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Peter Wyckoff, professor of biology, and Rachel Bowers '03 identify a changing relationship between tree growth, drought, and carbon dioxide

Posted by Judy Korn on Monday, Jan. 4, 2010


By studying bur oak trees in three different west central Minnesota locations, Peter Wyckoff, University of Minnesota, Morris associate professor of biology, and Rachel Bowers ’03 identified a changing relationship between tree growth, drought, and carbon dioxide (CO2). The Journal of Ecology recently published the results of their research, “Response of the prairie–forest border to climate change: impacts of increasing drought may be mitigated by increasing CO2.”

Wyckoff, Bowers, and several other UMM students collected data from trees in Maplewood State Park, Glacial Lakes State Park, and Sibley State Park between 2002 and 2007. Typically, growth rings are larger when trees receive good light, adequate nutrients, and are free from disease. Tree rings are smaller when growing conditions are poor, especially in drought years. Through their study of growth rings, Bowers and Wyckoff found that west central Minnesota oak trees have became less sensitive to drought during the 20th century.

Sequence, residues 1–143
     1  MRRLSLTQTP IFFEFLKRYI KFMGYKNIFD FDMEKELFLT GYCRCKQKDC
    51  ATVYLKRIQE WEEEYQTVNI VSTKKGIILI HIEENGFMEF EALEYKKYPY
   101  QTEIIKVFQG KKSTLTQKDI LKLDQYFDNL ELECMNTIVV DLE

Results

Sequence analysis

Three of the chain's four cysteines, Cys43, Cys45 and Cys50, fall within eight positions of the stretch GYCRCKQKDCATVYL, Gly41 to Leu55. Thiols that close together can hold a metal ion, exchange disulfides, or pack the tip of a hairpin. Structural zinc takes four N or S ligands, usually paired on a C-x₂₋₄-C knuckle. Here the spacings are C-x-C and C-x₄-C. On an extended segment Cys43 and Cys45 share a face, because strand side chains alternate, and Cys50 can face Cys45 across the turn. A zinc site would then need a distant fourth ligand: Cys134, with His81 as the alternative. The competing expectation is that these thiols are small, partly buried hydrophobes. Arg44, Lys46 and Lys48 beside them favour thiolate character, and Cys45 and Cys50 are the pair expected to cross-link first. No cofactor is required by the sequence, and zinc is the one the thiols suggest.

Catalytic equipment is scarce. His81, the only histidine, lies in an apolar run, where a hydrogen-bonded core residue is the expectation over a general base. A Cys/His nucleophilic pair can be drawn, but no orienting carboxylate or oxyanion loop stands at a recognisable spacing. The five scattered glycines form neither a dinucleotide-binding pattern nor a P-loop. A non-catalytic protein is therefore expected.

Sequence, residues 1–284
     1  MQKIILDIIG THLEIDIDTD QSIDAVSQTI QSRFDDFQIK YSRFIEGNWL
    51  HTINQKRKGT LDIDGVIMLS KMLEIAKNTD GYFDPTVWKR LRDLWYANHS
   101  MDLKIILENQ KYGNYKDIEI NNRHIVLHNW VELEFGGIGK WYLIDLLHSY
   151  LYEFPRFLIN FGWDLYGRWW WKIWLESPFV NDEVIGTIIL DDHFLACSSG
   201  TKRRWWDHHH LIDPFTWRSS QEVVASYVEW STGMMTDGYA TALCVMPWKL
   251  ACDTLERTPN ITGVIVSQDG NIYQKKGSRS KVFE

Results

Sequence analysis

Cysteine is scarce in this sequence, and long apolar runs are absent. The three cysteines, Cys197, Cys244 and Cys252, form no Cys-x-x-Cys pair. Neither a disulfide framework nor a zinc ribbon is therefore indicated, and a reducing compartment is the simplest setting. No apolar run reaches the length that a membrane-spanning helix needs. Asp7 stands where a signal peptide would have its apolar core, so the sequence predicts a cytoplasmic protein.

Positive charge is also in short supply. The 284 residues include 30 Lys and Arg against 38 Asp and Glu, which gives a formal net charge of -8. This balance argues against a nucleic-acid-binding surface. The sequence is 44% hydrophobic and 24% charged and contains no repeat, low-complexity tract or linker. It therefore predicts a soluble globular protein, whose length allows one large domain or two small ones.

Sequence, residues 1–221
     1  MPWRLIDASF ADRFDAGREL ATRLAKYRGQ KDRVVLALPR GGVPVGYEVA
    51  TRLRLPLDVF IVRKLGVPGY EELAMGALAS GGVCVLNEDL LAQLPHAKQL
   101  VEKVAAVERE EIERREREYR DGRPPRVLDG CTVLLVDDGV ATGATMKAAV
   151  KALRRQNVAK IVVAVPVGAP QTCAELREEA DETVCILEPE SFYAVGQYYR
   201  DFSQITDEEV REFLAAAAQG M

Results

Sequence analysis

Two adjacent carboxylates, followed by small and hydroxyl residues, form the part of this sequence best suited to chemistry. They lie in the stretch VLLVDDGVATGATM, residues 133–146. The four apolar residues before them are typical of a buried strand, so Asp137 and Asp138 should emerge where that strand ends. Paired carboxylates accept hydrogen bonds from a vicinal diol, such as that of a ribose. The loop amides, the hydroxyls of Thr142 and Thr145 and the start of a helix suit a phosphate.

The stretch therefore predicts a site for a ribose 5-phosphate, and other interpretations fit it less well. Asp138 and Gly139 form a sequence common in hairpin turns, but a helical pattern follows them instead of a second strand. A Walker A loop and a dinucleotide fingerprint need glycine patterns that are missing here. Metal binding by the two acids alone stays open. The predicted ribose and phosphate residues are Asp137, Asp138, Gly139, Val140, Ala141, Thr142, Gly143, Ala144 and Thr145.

“Scientists have spent many years developing the techniques needed to reconstruct climate via tree rings,” says Wyckoff. “The problem is that in the past few decades, the tree ring-climate relationships seem to have become ‘decoupled’ in many areas. The main cause seems to be increasing atmospheric carbon dioxide, which directly impacts plants. Carbon dioxide fuels photosynthesis, and increased carbon dioxide in the air can both speed-up plant growth and make plants less sensitive to drought.”

Wyckoff notes that stomata, small holes located on the underside of leaves, play a key role in a plant’s ability to withstand drought. Plants open and close stomata to take in carbon dioxide needed for photosynthesis. Plants growing in high levels of carbon dioxide reduce the amount of time their stomata are open, which reduces water loss and susceptibility to drought.

“The concept of ‘water-use efficiency’ is of crucial interest to farmers and foresters alike,” states Wyckoff. “Carbon dioxide causes warming that will likely make west central Minnesota a drier place in the future. At the same time, increased carbon dioxide in the air makes plants growing in our region less susceptible to drought. The balance between these two forces will be crucial.”